On Faith: Gary Johnson and the Pagan Media

I have a new piece up at the Washington Post’s On Faith section examining the importance of the recent video Pagan media press conference with Republican presidential candidate, and former New Mexico governor, Gary Johnson.

Screenshot of the Johnson-Pagan Media Conference

Screenshot of the Johnson-Pagan Media Conference

Here’s a short excerpt:

“What does it all mean? I think it represents two opportunities. First, there’s an opportunity for politicians to realize that America’s religious diversity isn’t simply a stock phrase to pull out when describing the virtues of our country. According to the Pew Forum, 16.1 percent of Americans claim no formal religion, while another 2.3 percent are part of religious tradition outside the Christian-Jewish-Muslim monotheistic paradigm. Those aren’t insignificant numbers, and they put the often lumped-together “other/unaffiliated” category on a statistical par with evangelical and mainline Protestants. Despite this, moral debates are almost always framed along a left-right Christian axis; Rick Warren gets to interview Obama and McCain, while Hindus, Pagans, Buddhists, and practitioners of indigenous traditions rarely get to ask questions on a national stage. Gov. Johnson’s courage in talking to religious minorities might have been driven by a modicum of desperation in getting his message out, but it should be seen as a harbinger of what campaigning to religious groups will be like in the future.”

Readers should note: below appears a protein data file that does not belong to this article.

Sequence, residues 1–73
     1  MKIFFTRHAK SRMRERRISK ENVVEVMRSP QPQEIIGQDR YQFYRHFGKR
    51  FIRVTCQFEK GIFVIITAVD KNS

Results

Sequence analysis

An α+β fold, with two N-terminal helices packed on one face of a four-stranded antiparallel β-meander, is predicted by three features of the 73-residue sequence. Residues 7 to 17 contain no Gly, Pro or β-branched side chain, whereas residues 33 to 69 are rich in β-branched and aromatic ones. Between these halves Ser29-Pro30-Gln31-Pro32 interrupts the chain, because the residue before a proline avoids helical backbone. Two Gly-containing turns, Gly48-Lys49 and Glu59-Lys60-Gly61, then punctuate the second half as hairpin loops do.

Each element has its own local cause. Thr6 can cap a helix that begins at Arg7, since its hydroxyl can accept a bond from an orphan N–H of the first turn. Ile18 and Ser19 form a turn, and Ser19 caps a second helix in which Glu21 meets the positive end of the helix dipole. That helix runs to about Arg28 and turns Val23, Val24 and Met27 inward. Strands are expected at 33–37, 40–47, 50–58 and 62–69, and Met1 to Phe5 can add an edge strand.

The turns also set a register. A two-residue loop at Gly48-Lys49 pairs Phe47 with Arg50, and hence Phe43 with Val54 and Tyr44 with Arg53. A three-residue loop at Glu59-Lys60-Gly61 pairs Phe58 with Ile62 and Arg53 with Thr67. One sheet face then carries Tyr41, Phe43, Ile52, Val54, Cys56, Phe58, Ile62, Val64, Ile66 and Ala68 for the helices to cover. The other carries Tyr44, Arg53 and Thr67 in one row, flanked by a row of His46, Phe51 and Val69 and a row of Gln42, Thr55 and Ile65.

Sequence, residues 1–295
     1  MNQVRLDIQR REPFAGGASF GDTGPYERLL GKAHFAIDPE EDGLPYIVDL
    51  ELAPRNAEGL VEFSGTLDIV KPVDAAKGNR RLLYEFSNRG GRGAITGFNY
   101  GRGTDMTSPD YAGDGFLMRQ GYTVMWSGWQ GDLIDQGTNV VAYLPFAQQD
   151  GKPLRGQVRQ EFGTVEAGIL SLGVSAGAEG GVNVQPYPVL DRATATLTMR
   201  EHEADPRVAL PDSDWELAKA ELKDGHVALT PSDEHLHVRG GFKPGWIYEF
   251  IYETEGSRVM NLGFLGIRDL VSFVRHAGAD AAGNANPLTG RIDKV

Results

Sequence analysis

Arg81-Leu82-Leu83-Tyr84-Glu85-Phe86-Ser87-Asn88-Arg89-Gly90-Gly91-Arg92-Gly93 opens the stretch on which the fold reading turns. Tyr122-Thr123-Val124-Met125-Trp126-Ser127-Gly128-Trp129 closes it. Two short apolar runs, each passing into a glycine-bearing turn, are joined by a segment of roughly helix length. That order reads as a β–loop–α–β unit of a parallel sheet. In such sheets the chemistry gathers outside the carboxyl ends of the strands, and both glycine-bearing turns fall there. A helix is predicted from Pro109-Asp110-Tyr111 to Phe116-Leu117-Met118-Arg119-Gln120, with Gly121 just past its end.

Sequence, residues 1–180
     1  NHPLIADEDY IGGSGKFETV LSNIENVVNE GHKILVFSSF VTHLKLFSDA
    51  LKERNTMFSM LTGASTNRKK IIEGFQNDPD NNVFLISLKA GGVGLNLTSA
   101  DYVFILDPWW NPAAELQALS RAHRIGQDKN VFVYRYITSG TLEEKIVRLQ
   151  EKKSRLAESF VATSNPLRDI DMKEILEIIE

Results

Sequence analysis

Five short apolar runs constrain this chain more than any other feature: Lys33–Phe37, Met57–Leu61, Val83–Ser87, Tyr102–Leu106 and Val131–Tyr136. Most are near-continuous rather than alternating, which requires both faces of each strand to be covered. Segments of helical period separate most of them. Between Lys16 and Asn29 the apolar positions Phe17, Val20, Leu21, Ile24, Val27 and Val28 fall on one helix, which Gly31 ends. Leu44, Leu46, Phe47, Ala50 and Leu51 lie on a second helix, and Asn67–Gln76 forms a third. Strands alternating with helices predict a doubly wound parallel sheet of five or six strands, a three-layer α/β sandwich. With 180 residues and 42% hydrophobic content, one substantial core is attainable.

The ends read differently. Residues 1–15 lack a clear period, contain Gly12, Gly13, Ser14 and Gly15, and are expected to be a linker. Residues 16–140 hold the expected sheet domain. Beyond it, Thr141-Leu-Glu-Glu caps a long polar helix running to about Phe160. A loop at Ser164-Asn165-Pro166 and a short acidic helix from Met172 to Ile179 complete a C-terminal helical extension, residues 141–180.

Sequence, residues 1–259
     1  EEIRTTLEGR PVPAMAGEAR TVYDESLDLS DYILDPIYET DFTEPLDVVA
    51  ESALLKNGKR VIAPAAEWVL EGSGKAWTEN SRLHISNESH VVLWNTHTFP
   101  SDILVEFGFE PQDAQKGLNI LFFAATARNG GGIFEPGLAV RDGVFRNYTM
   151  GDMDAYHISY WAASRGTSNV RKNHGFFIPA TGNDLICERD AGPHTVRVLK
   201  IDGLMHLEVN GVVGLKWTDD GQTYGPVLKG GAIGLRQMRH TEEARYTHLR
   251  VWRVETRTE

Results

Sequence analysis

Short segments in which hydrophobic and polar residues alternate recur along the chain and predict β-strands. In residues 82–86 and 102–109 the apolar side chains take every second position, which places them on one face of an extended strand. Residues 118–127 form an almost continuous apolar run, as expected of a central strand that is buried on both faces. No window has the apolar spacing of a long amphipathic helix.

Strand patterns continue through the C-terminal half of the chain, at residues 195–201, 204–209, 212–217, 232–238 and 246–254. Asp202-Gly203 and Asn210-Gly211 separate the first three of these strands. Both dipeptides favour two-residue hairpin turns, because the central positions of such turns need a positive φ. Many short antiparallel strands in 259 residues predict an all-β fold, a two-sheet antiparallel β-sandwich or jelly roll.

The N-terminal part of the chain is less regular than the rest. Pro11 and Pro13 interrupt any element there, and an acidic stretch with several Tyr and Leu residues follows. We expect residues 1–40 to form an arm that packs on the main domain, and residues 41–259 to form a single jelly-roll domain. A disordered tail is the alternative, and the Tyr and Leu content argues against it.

I hope you’ll head over and read the whole thing, and leave your thoughts in the comments section. This “town hall” has gotten far more attention than I thought it would, getting noticed by congressional paper The Hill, snarked about at Wonkette, New York Magazine, and Gawker, and reported on by New Mexico newspapers. This may not be the kind of attention Johnson hoped for, but I do think that his choice to do this will have resonance far beyond his campaign, and could start to change the way politicians view religious minorities.

About Jason Pitzl-Waters
  • http://www.magickal-media.com Alice C. “A.C.” Fisher Aldag

    There are quite a few press stories that are smart-alecky, making fun of Mr. Johnson for talking w/ Pagans. A few positive, too.

    What strikes me about this discussion is if you add all the “other” or uncommitted to religion, Hindus, Atheists, Pagans, Buddhists, Indigenous folks, etc. it’s more than 25% which is enough to sway any vote.

  • Kilmrnock

    I think it’s great he took time to talk to us , and shows unusauly good character for any politician , to recognise we’re not just weird outsiders like most of them do. The media and public in general donot worry or care much for us. Maybe this will eventualy set new trends in politics and the public in general.One can only hope others will take us more seriosly. we’ll see. Kilm

    • RivaWitch

      These other politicians do know that Pagans do vote as well?

  • Crystal Kendrick

    If the political rhetoric does not change between now and election day (which I highly doubt), I’m writing Mr.Johnson in, this coming from a die-hard left-winger.


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